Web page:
Guest editorial: Make economic growth in Vermont a priority
With a projected $100 million budget gap, the governor and lawmakers must grapple with difficult spending and revenue decisions during the 2015 legislative session. In recent years, Vermont has closed its annual budget gap using a combination of one-time funds and unexpected revenue growth. Unfortunately, federal funds have stopped and state revenues are lagging making these strategies unlikely. However, there is another solution: The governor and lawmakers could make economic growth a priority.
Since November, I have traveled throughout Vermont listening to business owners and their employees. From these discussions, the Vermont Chamber of Commerce has developed a five-point Economic Growth Agenda that if enacted today would ignite economic growth, create more jobs and greater affordability for Vermonters, and help businesses to grow.
1. Promote Vermont as a great place to live, work and play. While Vermont has scant funds to offer financial incentives to attract new businesses to the state, we do have the allure of the Vermont image. By adding to our limited state tourism promotional budget, we can not only encourage people to visit but we can also demonstrate that Vermont is an innovative place to grow a business and a state with great jobs. Today, there is growth in a variety of industries like beer and food, technology and renewable energy, and aviation and aerospace. By promoting Vermont in other states as the destination to work, build a business, raise a family or even vacation, state revenues would increase from greater sales, income, and rooms and meals tax transactions. This investment would pay for itself through increased state revenues and add to state coffers without raising taxes.
2. Maintain the Agency of Commerce and Community Development (ACCD) budget. Of the approximately $2.7 billion of state appropriations, the ACCD budget is less than 1 percent. At just under $14 million, a 5 percent cut, as initially suggested, would do little to close the budget gap. Every dollar spent to promote Vermont as a tourist destination, to invest in workforce training or to recruit new businesses, helps encourage economic growth which will help to fill the budget hole. At a minimum, ACCD’s level of funding should be maintained without any cuts.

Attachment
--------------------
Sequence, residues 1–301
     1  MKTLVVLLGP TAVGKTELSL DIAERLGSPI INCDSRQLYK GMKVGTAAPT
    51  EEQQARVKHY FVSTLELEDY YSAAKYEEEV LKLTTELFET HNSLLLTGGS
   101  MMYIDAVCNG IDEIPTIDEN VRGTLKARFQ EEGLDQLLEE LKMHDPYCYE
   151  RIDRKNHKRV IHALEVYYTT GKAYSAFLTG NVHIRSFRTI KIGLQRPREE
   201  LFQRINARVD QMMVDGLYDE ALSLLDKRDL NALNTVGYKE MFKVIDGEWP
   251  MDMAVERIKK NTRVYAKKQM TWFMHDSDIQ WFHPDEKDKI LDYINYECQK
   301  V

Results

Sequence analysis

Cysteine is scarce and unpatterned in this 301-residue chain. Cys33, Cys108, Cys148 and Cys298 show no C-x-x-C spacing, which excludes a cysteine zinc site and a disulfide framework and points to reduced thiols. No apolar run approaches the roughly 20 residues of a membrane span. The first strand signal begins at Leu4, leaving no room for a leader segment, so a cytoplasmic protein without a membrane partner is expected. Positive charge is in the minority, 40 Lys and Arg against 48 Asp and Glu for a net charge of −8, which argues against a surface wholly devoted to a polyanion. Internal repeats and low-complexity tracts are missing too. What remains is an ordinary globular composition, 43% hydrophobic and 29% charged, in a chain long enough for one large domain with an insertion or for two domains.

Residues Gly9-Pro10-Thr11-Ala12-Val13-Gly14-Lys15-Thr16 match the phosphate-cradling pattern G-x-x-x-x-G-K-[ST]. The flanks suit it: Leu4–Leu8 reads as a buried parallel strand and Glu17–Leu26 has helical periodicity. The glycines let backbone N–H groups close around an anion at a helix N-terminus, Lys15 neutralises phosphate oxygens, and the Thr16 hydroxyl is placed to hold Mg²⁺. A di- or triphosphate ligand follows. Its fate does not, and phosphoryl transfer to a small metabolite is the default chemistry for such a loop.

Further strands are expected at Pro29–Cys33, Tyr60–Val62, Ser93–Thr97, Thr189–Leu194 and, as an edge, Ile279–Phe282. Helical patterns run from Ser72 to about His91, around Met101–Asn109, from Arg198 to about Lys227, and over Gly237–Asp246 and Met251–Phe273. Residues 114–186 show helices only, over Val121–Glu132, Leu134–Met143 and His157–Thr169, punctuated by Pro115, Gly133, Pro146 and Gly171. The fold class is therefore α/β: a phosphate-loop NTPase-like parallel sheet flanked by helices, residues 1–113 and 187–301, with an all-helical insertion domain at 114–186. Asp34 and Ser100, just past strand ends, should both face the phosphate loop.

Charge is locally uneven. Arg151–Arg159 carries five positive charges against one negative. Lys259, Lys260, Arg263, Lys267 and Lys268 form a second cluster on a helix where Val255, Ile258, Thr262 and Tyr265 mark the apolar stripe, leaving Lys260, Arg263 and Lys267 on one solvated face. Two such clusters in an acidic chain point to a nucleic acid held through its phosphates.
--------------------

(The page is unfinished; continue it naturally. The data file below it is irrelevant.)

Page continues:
3. Preserve workforce training funds. Many Vermont businesses struggle to find highly skilled and qualified individuals to fill vacant positions. Without such a workforce, it is extremely difficult for businesses to grow, add new jobs and hire more Vermonters at competitive wages. Currently, Vermont directs $1.3 million of state funds to support on-the-job and new employee skills training. At the least, this number should remain steady.
4. Simplify permitting. The permitting process continues to be a significant barrier that prevents existing businesses from growing and new businesses from relocating here. Improved integration of regulation and planning will provide greater predictably in the process, which can be accomplished by reducing redundancies and applying Act 250 uniformly at the district commission level. Allowing growth to occur in designated areas, such as growth centers and industrial parks, without added regulatory burdens, can also start to encourage economic activity and growth.
5. Rein in health care costs. Although the conversation has focused on health care coverage and how to pay for it, the reality is that for years Vermont has had one of the highest rates of coverage in the country. The real issue is the staggering and debilitating rising cost of health care, making it unaffordable for many businesses and individuals. The Green Mountain Care Board should continue to focus its efforts on cost containment coupled with care quality and outcomes. Additionally, making the health care exchange voluntary for businesses of all sizes would ease the stress of using a system that doesn’t work for businesses while providing greater choice.
By focusing on these five areas, decision-makers will start to lay the foundation for economic growth — a foundation that creates more jobs and greater affordability for all Vermonters.
— Betsy Bishop, president of the Vermont Chamber of Commerce
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